This piece was retrieved from an old archive of my online writing—there will likely be some rough edges!
I don’t have anything profound to say about what happened in Boston. It’s awful, and I hope those who are injured physically and emotionally are able to heal up as best they can.
What happened in the aftermath of the incident, all over the Internet, was both compelling and deeply sad. The news spread on social media almost immediately, with scattered reports coming in here and there, nothing confirmed, everything still in question. And as many offered their condolences and stopped pushing out self-promotional tweets or jokes, those who were still not aware of the situation and did so were harassed for being “crass” or “offensive.” Of course, these people simply hadn’t gotten the news yet—it had been only minutes since the bombs exploded.
And out of respect, many people simply shut down public operations, perhaps in a “moment of silence” for those who were injured or worse. I thought I’d do the same, even though almost no one is listening. The thing was, according to my to-do list, I was supposed to submit a story to a few literary magazines before the end of the day.
That brought up an interesting predicament. Was I supposed to go ahead and submit, and take the risk of editors on the other end thinking I’m callous for trying to promote my own work, in a very tangential way, during a time of tragedy? The chance of that happening was extraordinarily slim, considering my piece would probably enter a slush pile to be read some weeks or months later. Even then, there was this overwhelming sentiment that things should cool off. With that in mind, I decided to just write another few hundred words and throw in a bit of editing to make up for my lack of submission.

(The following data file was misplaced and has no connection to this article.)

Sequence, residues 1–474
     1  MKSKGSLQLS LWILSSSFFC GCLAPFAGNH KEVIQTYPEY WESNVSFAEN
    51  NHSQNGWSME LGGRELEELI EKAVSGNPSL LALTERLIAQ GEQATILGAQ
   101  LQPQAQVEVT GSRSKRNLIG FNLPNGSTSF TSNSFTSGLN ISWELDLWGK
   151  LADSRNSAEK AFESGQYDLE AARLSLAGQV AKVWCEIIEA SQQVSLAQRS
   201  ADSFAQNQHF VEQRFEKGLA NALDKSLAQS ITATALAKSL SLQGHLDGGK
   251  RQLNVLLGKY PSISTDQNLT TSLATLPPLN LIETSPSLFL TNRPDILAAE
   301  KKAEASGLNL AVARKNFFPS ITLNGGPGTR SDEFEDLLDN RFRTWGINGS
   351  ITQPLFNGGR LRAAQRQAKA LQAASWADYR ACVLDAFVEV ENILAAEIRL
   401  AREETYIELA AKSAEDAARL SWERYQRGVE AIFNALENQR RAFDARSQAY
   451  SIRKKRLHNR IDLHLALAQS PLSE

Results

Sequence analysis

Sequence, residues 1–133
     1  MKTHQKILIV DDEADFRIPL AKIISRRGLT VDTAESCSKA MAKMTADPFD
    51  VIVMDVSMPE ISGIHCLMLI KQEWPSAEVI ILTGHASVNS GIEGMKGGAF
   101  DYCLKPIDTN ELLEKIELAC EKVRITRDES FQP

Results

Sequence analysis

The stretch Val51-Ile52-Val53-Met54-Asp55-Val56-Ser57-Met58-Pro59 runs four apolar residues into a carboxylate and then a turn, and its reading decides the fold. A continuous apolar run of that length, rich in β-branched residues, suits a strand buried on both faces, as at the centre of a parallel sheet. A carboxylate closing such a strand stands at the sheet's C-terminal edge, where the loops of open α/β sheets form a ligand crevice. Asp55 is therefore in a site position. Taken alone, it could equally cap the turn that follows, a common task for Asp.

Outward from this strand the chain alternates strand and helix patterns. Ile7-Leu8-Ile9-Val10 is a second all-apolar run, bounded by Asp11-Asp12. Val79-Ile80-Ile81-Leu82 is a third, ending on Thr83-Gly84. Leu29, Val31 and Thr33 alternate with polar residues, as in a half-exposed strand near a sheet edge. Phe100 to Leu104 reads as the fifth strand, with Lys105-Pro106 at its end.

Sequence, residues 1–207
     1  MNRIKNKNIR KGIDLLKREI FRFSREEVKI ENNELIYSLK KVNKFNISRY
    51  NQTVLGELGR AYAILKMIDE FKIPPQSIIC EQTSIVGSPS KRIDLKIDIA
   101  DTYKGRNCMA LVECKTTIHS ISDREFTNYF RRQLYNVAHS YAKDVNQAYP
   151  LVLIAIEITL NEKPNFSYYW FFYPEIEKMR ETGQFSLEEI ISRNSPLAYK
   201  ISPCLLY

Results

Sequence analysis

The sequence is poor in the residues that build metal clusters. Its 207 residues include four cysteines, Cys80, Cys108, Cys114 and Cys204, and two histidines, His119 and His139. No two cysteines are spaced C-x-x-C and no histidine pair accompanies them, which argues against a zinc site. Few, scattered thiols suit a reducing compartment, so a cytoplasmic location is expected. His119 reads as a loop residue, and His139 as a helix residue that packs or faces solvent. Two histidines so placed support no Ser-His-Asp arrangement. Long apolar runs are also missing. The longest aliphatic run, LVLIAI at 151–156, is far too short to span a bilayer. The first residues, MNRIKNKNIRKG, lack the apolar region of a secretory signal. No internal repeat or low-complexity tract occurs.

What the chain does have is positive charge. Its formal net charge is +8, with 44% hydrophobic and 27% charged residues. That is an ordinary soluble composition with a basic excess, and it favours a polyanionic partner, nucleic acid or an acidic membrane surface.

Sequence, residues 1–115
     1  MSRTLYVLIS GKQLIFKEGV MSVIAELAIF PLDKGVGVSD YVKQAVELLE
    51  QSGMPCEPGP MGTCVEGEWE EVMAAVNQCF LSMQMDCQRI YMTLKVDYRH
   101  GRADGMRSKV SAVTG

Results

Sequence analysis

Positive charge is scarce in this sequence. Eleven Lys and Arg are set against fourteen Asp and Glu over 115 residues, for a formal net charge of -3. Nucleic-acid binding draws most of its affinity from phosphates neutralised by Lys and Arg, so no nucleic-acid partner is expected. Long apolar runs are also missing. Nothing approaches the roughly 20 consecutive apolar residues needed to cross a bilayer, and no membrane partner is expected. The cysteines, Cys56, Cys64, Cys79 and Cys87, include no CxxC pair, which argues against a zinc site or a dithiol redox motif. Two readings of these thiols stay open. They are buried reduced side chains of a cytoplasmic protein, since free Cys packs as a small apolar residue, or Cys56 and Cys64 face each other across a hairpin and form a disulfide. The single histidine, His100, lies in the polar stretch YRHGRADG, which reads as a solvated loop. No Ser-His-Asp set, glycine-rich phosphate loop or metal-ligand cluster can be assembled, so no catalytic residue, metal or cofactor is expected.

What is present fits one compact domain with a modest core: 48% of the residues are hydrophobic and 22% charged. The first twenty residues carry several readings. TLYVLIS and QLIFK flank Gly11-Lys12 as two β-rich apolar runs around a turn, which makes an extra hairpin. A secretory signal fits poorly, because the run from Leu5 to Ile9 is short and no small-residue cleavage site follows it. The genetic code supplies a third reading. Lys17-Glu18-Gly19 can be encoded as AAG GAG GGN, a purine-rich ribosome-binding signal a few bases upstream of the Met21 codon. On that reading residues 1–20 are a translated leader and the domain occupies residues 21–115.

How long does that last? Today, the writers I follow on Twitter are back to self-promotion. Is that timeline proportional to the extent of the loss? I’ve always believed it’s never “too soon” for comedians to make jokes about tragic situations, this timeframe of respectful silence is more difficult to gauge. I think it’s passed, in part because we can’t let these kinds of attacks shake us or change the way we live. Still, there’s a strangeness in actively trying to further my writing career while others are still mourning or recuperating.
As I said, there’s nothing profound to say. And that’s all. Time to be thankful for what I still have, and keep on working.